Pop star and actress Deborah Gibson slips back into the glass slipper of the national tour of Rodgers & Hammerstein's Cinderella July 24-Aug. 12 to complete the final three weeks of this leg of the run.
Jamie-Lynn Sigler, known as the mob daughter Meadow Soprano in the adult TV series, "The Sopranos," left the company July 1 due to health reasons. Jessica Rush has been playing the would-be princess who sings the melodies of Richard Rodgers, at the Music Hall in Dallas since July 10. Gibson begins July 24-29 at Houston's Wortham Center and will also play the Buell Auditorium in Denver, July 31-Aug. 12.
Gibson kicked off the Gabriel Barre-directed Cinderella tour Nov. 29, 2000. He co-stars remain Paolo Montalban (recreating his TV role) as the Prince, Eartha Kitt as the Fairy Godmother and Everett Quinton (crossdressing) as the evil Stepmother. Gibson made her singing and acting debut at age five in community theatre and by the age of 16 she was a hit pop singer-songwriter with the album, "Out of the Blue." Songs "Foolish Beat" and "Lost in Your Eyes" followed, and she appeared on the Broadway stage as Eponine in Les Miserables and Belle in Beauty and the Beast. She played Rizzo is Grease on a U.S. tour and in London, and toured briefly in a revival of Funny Girl.
Kitt, of course, is the nightclub siren and Tony Award nominated Broadway star of Timbuktu and The Wild Party. She signed onto Cinderella when previously-announced Diahann Carroll pulled out. Quinton is a New York favorite from The Mystery of Irma Vep.
This touring stage version of the popular TV musical is produced by NETworks Presentations LLC. The next phase of the tour begins in December in Hershey, PA, Dec. 11-16, a spokesperson confirmed. The cast has not been announced, but the Equity tour will journey on and play such venues as the Kennedy Center in Washington, DC. August dates at the Wang Center in Boston have been bumped to 2002. *
Director Barre directs the newly-constructed stage version, drawing on elements of past TV and stage versions. Montalban repeats the role he played in the hit Disney TV version of the R&H musical that gave the world "Ten Minutes Ago," "Impossible" and "In My Own Little Corner."
The famed TV musical — there have been three small-screen versions — was adapted for the stage this time by Tom Briggs. Barre helmed Off Broadway's The Wild Party. In a recent issue of The Rodgers & Hammerstein Organization's newsletter, "Happy Talk," Briggs revealed that two Rodgers songs from other sources have been interpolated (as they were in the 1997 telepic): "The Sweetest Sounds" (with music and lyrics by Rodgers, from No Strings) and "There's Music in You" (by Rodgers and Hammerstein, from an obscure motion picture called "Main Street to Broadway").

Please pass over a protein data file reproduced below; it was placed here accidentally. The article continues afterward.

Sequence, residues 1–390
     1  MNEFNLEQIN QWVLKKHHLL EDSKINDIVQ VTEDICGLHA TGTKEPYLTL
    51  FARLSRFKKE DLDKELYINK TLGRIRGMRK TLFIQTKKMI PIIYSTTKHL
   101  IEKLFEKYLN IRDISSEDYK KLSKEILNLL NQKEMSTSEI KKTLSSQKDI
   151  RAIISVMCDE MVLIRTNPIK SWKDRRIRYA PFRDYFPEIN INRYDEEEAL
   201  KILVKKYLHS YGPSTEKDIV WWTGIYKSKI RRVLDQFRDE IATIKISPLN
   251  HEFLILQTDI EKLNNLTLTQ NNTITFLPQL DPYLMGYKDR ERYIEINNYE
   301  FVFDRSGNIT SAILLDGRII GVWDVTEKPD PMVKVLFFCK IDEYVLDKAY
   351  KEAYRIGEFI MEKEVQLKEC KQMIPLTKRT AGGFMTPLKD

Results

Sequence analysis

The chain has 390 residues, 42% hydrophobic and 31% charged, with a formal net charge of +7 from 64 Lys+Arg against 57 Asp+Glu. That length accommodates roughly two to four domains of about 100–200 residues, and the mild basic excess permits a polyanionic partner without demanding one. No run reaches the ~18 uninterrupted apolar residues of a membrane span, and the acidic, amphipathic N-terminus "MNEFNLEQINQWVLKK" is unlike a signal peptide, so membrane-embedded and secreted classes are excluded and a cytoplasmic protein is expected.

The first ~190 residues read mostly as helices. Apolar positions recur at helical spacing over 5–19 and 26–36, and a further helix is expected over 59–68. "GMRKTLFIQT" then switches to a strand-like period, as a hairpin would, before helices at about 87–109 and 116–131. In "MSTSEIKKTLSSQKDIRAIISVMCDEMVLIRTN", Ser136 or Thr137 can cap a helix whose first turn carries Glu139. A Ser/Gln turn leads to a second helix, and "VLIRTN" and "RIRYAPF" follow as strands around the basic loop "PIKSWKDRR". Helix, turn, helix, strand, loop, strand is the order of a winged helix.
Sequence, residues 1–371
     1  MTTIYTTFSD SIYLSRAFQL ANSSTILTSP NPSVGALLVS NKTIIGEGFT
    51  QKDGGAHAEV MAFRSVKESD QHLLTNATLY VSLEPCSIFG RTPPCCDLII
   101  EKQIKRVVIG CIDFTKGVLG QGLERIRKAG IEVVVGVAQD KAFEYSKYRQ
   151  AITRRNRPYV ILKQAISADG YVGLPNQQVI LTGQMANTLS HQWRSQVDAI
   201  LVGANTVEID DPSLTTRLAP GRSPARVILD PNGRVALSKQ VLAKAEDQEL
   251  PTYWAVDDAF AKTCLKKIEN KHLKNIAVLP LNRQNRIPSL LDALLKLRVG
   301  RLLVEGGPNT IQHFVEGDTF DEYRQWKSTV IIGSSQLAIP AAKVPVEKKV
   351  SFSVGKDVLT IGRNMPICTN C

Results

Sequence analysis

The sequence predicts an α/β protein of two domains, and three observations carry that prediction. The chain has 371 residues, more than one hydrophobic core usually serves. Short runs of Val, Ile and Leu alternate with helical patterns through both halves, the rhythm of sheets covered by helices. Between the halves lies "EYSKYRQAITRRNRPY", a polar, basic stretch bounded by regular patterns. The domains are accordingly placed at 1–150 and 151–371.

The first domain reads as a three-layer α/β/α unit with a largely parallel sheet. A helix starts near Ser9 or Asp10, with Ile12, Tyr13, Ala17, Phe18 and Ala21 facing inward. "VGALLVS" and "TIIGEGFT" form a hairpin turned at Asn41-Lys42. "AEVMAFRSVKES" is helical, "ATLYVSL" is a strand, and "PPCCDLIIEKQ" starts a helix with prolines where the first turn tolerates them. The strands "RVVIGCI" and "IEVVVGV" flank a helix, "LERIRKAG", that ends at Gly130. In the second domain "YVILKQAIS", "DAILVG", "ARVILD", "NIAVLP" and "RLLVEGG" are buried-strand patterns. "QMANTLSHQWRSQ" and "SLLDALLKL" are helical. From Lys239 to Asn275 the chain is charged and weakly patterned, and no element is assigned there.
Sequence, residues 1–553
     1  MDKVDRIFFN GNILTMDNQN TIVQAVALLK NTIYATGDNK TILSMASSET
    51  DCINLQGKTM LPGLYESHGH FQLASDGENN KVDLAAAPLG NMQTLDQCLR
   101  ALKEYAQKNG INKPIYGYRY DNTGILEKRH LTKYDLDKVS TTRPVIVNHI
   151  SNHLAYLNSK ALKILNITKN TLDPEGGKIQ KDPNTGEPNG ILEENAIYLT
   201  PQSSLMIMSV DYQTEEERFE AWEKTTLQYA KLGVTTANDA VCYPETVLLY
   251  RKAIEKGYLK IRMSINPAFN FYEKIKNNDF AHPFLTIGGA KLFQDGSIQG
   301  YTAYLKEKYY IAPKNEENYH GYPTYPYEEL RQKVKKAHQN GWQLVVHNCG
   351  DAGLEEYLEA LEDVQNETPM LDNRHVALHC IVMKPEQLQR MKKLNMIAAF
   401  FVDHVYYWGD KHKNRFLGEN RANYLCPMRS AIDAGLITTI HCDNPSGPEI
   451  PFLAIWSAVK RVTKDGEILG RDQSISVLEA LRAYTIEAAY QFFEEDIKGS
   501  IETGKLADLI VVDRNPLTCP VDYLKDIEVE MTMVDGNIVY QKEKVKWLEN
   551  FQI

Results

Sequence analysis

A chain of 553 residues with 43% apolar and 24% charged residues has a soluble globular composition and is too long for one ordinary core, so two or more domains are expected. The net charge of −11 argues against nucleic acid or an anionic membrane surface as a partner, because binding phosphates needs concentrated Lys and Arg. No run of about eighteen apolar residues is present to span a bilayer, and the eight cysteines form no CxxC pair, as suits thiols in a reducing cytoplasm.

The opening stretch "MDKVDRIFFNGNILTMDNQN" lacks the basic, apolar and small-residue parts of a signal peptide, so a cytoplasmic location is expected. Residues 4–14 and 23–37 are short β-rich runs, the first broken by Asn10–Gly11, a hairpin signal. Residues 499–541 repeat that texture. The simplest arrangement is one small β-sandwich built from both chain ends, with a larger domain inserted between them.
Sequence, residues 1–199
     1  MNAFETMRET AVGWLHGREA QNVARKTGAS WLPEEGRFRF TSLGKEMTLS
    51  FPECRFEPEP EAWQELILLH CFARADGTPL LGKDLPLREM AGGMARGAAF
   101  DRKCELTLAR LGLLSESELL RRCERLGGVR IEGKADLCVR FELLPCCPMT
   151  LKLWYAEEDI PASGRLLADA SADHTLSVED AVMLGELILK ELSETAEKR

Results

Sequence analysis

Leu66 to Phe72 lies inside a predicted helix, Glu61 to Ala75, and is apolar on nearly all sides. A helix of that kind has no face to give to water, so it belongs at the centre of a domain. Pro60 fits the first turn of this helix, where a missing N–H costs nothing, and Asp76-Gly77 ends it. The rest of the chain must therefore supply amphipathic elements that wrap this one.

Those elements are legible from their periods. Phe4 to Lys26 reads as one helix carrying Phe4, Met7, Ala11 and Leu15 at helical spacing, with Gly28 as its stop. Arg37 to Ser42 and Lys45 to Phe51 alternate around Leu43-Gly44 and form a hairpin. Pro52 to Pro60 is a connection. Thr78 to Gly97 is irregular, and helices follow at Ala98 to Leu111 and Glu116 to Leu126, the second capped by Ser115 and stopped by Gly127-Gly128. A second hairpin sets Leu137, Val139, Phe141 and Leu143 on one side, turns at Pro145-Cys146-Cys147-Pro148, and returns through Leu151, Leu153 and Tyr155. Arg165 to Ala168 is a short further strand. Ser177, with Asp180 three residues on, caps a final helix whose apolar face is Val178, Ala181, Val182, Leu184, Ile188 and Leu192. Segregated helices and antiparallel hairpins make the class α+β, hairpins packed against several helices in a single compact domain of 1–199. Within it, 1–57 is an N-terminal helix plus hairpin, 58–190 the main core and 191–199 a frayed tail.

The book for the new stage show draws on the original teleplay by Oscar Hammerstein II but the cast concept is inspired by the multicultural cast of the 1997 "Wonderful World of Disney" version, which starred pop singers Brandy and Whitney Houston.
Ken Roberson choreographs the touring production. He was assistant choreographer on Jelly's Last Jam. Designers are James Youmans (set), Pamela Scofield (costumes) and Tim Hunter (lighting), Duncan Edwards (sound), Bernie Ardia (hair) and Greg Meeh (special effects). Musical arrangements and supervision are by Barre collaborator Andrew Lippa, who wrote the score of The Wild Party for Manhattan Theatre Club and jon and jen, Off-Broadway.
The cast for the new Cinderella includes Leslie Becker (Queen), Joanne Borts, Victor Trent Cook (Lionel), Natalie Cortez, Kip Driver, Kevin Duda, Alexandra Kolb (Stepsister Joy), Jason Ma, Christy Morton, Monica Patton, Lyn Philistine, Ken Prymus (King), Christeena Michelle Riggs, Jason Robinson, Jessica Rush, Todd L. Underwood, Andre Ward, Patrick Wetzel and Natasha Williams (Stepsister Grace).
Quinton, a longtime collaborator with the late Charles Ludlam, won Obie and Drama Desk Awards for his revival of The Mystery of Irma Vep in 1999.
The 1997 TV movie had a multicultural cast — an African American Queen, a white King, a Filipino Prince — and a script and score (with several new interpolations, including "Falling in Love With Love") that were somewhat different from the classic 1957 and 1965 TV productions of the tuner. "Cinderella" was the only show R&H wrote for the small screen.
The "Wonderful World of Disney" broadcast is also different from the Hammerstein script that is licensed to stock and amateur groups several hundred times a year (itself using different interpolations).
The standout songs of the now-classic score will be intact. Several generations of musical fans grew up with such tunes as "Ten Minutes Ago," "Impossible," "The Stepsisters' Lament" and "In My Own Little Corner."
There have been changes over the years to each version of the R&H "Cinderella" project: The 1965 version included an interpolated song ("The Loneliness of Evening," cut from South Pacific) and subsequent stage versions for stock and amateur stagings have added "Boys and Girls Like You and Me," cut from Oklahoma!
The flashier 1997 version starred Whitney Houston as the Fairy Godmother and Brandy in the title role (a part previous played by Julie Andrews in 1957 and Lesley Ann Warren in 1965). A new teleplay and interpolations of "The Sweetest Sounds" (with music and lyrics by Rodgers, from No Strings), "Falling in Love With Love" (with lyrics by Lorenz Hart, from The Boys From Syracuse), "There's Music in You" (from the film, "Main Street to Broadway") and "Your Majesties"/"The Prince is Giving a Ball" (with new lyrics by Fred Ebb) were included in the new movie, which was seen by 60 million people.
Cinderella will play Washington, DC, Philadelphia, Birmingham, AL, Boston, Omaha, Jacksonville, FL, Hartford, CT, Detroit, St. Louis and San Antonio is the first three months of 2002.
— By Kenneth Jones